The next morning came fast, a rather chilly one in fact! Matt and I sorted the calves from cows, making sure our counts each matched. The truckers were there, waiting patiently for their turn to load. The brand inspector looked the cows and calves over. Matt takes care of the paper work transactions, and we load the trucks. Away they go…

That job is complete, and now we go onto the next one…gathering our own cows. Happy Fall Y’all!

~ Jayme

Jayme lives in Shelley, Idaho, with her husband Matt, and their three sons. She was daddy’s little cowgirl being raised horseback on the family cattle ranch. Matt and Jayme have known each other since their early junior rodeo days. They are both 4th generation ranchers and have a cow-calf and horse operation. Jayme drives school bus, and helps Matt on the ranch in addition to chauffeuring kids. Matt is also a custom saddle maker.

Jayme also blogs at www.cavvysavvy.com where this post first appeared.

Categories: Blogging, Idaho Cattlewomen, Ranch kids, Ranch Life

Gathering the cows

I heard Skeeter’s pickup drive by the house, I looked at my alarm clock and it was 6:23 a.m.  Oops, I didn’t set my alarm and didn’t hear James’. I could hear James in the shower. We were supposed to be up and ready to head to Willow Creek for day one of gathering cows. I jumped out of bed and went to the kitchen to make sandwiches and put together a meager lunch for the crew. I could hear my father’s voice saying, “We’re burnin’ daylight.” I checked with JJ to see if she was going to be able to go with us or if she had to stay for volleyball pictures. I was delighted when she said she didn’t have pictures and encouraged her to get moving. She had a volleyball game Thursday night, early volleyball practice Friday morning, went to the Gooding vs. Melba football game Friday night and got home after midnight.  Needless to say, she wasn’t jumping out of bed.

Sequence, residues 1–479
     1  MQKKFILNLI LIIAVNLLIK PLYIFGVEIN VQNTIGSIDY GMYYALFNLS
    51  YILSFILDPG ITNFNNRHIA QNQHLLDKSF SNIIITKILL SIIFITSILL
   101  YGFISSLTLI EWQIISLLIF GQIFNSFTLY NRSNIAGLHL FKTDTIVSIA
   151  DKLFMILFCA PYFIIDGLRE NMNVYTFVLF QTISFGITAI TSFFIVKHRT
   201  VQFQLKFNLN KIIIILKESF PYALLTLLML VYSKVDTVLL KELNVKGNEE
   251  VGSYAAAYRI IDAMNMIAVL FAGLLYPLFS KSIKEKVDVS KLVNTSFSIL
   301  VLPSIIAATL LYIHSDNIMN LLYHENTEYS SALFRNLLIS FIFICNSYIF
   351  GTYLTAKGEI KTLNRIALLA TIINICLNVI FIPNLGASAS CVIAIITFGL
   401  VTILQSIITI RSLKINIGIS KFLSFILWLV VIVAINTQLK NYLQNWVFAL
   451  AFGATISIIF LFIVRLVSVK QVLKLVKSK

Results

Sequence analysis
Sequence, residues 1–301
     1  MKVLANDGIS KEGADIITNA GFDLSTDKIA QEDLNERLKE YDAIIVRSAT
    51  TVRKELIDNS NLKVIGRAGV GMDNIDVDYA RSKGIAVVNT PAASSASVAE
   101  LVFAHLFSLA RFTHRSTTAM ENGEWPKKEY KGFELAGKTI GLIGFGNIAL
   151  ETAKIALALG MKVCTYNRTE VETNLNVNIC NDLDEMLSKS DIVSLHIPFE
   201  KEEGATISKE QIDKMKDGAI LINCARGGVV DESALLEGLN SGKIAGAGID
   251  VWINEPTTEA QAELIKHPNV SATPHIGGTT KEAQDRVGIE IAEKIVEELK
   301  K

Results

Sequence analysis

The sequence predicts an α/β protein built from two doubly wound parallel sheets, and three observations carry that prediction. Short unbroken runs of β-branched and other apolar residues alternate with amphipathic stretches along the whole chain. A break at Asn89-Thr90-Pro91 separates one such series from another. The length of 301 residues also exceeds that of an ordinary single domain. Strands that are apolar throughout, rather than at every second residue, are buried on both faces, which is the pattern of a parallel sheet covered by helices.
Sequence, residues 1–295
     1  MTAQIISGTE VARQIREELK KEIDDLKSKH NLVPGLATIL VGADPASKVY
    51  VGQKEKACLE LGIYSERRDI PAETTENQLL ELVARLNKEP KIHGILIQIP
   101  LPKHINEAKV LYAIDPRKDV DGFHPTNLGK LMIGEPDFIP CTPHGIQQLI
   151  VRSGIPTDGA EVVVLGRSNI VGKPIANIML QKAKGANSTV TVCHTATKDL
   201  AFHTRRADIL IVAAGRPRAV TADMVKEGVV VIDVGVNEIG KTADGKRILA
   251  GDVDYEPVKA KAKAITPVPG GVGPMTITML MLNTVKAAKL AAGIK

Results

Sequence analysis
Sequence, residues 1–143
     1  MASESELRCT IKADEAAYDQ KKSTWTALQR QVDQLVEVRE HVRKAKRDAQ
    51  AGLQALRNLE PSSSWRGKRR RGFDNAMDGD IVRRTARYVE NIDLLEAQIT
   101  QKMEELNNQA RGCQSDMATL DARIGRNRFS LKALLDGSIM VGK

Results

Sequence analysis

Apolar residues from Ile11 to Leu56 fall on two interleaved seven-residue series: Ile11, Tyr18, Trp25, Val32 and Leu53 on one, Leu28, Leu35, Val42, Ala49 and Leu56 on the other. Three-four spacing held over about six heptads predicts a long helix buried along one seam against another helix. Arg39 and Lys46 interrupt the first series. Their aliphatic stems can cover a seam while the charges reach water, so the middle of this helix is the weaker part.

Cows and calves are summered in the mountains. In the fall, the family gathers them up and brings them to the home place to wean the calves.

Skeeter caught the horses in time for the horseshoer to show up and set one of Rocky’s shoes. Once that was done, Rocky, Cash and Boone were loaded and we headed north to Willow Creek, a little less than an hour away. Again, not the early start we had hoped for, but we were finally headed to our destination. We met up with Ben, Bruce and Bruce’s dog, Meg, at the south end of the allotment where several pair had been taking advantage of the water and green feed the August rains brought us.

And so it began—up the hillside, picking up cows along the way headed north towards the cabin and the upper meadow field. We had several tree and brush filled draws to clear along the way. We managed to flush out a deer that headed around the hillside and appeared to be on a collision course with Skeeter and his horse, Boone. She headed straight up the hill when she got a glimpse of them. Even with the occasional cow bawls, horse whinny’s and Bruce saying “that’ll do, Meg,” it was very peaceful and seemed like you could hear the faintest of noises.

About halfway we met up with Rishelle, Kris and Kris’ dog, Skye. They had left from the cabin and rode through Hagan Canyon. They reported seeing a few pairs, but they went further up the canyon, eluding them. We developed another game plan. Ben, Kris and Skye headed west further up the hillside and would drop down into the orchard, named for the lone apple tree in the area. The rest of us continued north pushing the 30-some pair we had gathered along the way. We made it to the meadow field near the cabin and barn, clearing the five head in the horse pasture.

We began eating our lunch and watching for Ben and Kris to come down from the orchard with any cows they gathered along the way. When we saw the head of the first cow poke around the side of the hill, we mounted back up and went to help. A rough count gave us 47 pair and 2 bulls, which included a number of animals that didn’t belong to us. That means we didn’t have everything. Guess this is day one of 2014 gathering.

~ Dawn

gatheringHerefords_JBBALDawn and her family raise registered Herefords near Gooding, Idaho. Her great grandparents began a legacy of raising cattle in Idaho. She and her husband, James, and their two children continue producing range-ready bulls for commercial cattlemen. They enjoy working together as a family and the ranching lifestyle.

Categories: Blogging, Idaho Cattlewomen, Ranch Life